Who to Follow?

To get started, consider following:

  • Education Advocates: @MinimizeTesting, @FLBaloney, @PublicEdNation, ‪@bustedpencils, ‪@DEY_Project,  ‪@NetworkPublicEd, ‪@FairTestOffice ‪@DianeRavitch,  ‪@palan57
  • OptOut:‪@OptOutFLNetwork, TeachNotTest ‪@Lfayhee, ‪@OptOutOrlando
  • Especially for Teachers: Lily Eskelsen García ‪@Lily_NEA, Fl BadAss Teachers ‪@FLBATs, FEA @BetterSchoolsFL, Andy Ford @andyfea
  • Follow your Superintendent, and Florida legislators: Rick Scott ‪@FLGovScott, John Legg @SenatorJohnLegg, FL Dept of Education @EducationFL, Dwight Bullard ‪@DwightBullard, Jeff Clemens @ClemensFL, Alberto M. Carvalho @MiamiSup
  •  Common Core: FLParentsAgainstCC ‪@FPACCIgnite, FSAMustgoaway ‪@OptOutStLucie, Uncommon FL ‪@UncommonFL
  • Education Reform (the “other side”): ExcelinEd ‪@ExcelinEd, Foundation for Florida’s Future @AFloridaPromise
  • Press: StateImpact Florida ‪@StateImpactFL, Jeffrey S. Solochek ‪@JeffSolochek, Jessica Bakeman ‪@jessicabakeman, Valerie Strauss ‪@valeriestrauss, HuffPostEducation ‪@HuffPostEdu

Using Twitter:

If you see something you like, retweet by clicking the two-arrow rectangle.

To direct a tweet towards someone specific, add their twitter handle into your tweet, or “Quote Tweet” and add the twitter handles of those you want to share the original tweet with.

TIP: If you start a tweet with @twitterhandle that tweet is only seen by that person and/or his followers. Prevent this by starting such a tweet with a period in front of the @twitterhandle.   For example use .@minimizetesting check this out NOT @minimizetesting check this out

These are the basics. Through Twitter, you can help impact the upcoming legislative session and, hopefully, help advocate for real change in our #accountabaloney system.  What are you waiting for?  Sign up today.  It’s time for your voice to reach a larger audience!

Trust in Accountability Must Be Earned

Quote_Trust_AccountabaloneyRight now, Florida’s current accountability system in education is holding on by a lifeline.  We all want a system that is fair and equitable and most of all, based on sound and validated research.  Contrary to reports, even parents who are stepping up and refusing the current FSA test believe this.

Trust in the system is integral to any accountability system. In order for accountability to work there must be trust in the system and, more importantly, trust in the results. It appears those in Tallahassee are either not understanding how volatile things are right now or they just don’t care.  Either way, Florida’s education system is in trouble.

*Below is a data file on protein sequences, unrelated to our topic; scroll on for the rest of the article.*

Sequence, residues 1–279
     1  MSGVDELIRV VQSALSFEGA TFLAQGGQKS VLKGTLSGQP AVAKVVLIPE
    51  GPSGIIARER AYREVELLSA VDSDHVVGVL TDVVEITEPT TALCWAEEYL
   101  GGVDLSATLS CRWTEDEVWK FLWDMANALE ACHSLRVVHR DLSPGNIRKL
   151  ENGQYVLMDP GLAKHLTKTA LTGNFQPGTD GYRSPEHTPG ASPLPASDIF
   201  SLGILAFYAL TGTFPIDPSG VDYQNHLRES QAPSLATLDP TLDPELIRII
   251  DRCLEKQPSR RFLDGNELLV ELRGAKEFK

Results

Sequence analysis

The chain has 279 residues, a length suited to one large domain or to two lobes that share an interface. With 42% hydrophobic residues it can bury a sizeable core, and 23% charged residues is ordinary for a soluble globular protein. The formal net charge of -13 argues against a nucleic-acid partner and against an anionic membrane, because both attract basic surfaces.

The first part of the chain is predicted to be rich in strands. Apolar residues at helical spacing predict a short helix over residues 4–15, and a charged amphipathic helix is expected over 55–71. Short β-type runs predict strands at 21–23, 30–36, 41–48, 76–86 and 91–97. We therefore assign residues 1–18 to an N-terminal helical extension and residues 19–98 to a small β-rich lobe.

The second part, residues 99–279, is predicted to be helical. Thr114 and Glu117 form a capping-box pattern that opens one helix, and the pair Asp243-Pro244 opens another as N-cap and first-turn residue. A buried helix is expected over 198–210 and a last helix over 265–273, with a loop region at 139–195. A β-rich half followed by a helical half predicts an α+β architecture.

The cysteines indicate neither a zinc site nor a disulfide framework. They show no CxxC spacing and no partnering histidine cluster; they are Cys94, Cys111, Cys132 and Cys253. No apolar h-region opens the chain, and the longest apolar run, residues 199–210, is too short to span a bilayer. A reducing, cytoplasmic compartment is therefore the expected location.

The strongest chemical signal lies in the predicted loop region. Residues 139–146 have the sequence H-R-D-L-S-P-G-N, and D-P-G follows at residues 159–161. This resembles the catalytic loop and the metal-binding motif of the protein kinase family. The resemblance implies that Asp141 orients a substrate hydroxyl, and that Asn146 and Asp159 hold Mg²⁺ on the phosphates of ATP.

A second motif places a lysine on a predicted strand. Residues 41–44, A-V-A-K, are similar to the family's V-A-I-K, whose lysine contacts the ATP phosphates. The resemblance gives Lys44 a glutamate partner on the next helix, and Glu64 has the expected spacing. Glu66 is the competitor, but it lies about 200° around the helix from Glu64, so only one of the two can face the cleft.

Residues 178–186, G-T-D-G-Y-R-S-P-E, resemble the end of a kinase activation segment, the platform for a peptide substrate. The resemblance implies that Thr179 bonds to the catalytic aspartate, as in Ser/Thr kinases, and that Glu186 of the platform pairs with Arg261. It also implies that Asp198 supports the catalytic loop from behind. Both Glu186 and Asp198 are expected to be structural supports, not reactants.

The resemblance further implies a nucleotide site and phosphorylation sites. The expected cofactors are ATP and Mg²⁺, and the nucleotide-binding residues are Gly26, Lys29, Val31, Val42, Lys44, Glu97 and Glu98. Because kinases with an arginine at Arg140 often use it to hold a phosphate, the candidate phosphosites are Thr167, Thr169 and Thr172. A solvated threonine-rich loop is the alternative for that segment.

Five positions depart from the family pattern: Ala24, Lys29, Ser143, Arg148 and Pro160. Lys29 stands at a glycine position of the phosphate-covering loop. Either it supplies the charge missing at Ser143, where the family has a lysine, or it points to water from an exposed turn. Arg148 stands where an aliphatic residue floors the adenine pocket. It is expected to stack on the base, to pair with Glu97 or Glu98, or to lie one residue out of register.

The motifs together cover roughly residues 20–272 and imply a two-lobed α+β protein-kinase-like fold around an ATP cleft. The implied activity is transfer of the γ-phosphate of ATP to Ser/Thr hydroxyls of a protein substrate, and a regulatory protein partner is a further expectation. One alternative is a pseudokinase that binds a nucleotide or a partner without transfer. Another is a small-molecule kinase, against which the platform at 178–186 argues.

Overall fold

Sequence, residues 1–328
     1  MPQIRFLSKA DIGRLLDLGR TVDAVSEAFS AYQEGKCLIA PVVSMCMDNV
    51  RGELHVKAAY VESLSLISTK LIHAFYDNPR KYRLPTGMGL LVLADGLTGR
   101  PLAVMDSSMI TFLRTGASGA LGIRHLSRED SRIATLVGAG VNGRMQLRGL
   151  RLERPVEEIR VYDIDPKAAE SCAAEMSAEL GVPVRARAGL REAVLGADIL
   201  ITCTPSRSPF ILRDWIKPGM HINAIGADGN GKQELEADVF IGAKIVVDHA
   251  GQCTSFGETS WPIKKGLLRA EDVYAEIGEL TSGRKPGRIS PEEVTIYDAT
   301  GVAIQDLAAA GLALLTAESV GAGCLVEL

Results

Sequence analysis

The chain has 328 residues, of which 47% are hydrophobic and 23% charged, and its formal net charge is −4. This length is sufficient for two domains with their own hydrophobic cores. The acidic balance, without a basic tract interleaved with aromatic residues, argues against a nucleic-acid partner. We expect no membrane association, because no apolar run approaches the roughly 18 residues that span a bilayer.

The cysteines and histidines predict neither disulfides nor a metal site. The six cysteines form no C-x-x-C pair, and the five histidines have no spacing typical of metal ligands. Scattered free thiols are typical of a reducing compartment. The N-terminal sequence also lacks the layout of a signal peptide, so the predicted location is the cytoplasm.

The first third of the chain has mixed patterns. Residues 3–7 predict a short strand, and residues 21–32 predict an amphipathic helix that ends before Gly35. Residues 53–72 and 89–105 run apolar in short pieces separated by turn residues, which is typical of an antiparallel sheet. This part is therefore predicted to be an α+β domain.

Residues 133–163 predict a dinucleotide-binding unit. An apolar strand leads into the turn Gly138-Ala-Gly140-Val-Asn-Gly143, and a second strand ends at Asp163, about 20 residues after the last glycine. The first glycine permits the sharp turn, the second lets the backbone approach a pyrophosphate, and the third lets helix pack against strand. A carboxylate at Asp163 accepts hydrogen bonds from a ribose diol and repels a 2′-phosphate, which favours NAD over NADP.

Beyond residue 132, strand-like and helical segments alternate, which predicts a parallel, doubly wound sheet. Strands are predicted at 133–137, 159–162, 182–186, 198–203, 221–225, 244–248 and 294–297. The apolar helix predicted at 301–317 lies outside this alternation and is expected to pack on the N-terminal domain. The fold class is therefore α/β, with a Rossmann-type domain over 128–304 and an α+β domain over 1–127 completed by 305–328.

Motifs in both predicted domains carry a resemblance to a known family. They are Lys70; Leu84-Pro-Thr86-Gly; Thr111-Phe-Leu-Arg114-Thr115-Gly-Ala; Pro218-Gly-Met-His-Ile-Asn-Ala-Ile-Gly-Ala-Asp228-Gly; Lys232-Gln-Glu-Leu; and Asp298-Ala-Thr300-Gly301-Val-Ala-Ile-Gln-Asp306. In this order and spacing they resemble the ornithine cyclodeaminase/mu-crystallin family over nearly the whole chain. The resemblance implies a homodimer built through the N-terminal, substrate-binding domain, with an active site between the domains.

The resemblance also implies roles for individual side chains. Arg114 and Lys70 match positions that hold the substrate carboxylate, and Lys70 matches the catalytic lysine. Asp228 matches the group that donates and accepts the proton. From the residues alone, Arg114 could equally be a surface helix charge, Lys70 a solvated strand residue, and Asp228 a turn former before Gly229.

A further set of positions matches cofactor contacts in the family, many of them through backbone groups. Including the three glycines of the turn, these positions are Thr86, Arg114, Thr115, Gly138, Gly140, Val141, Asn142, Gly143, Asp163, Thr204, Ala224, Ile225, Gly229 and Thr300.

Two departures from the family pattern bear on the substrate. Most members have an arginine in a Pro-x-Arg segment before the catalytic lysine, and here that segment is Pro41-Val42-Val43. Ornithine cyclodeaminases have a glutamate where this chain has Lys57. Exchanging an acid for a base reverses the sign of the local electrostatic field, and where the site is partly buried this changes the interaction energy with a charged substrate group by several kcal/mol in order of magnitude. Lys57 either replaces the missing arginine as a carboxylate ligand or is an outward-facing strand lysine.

Parents and educators are being asked to trust the system, a system that can result in severe consequences.  Trust? Seriously? As every parent and child knows, you can’t just ask for trust, it must be earned.

Going into the 2015 testing season, so many red flags were raised.   Superintendents and educational organizations, such as the FEA, FSBA and PTA, from across the state called for a pause in calculation of school grades.  They requested a pause in the use of test scores in teacher evaluations. During all of this, rarely did we hear someone advocating for a pause in student consequences.

Today, parents and educators are still fighting against the use of the 2015 FSA scores, yet students have already been retained, have been placed in increasing numbers of remedial classes and have already sat for EOC retakes, even before cut scores for those exams have been determined. Students have already felt the all too real consequences of the new state assessment, an assessment where real validity concerns remain.

When the validity of an assessment is in question, something more than a politically motivated response should occur.  Whatever the 186 page Alpine Validity Report said, it did not declare that every aspect of every new FSA assessment was valid.  Florida Commissioner of Education, Pam Stewart, admitted that the official response to the validity report was written after reading only the 18 page Executive Summary. For $600,000, we expected the DOE to respond to more than the Cliffs Notes version.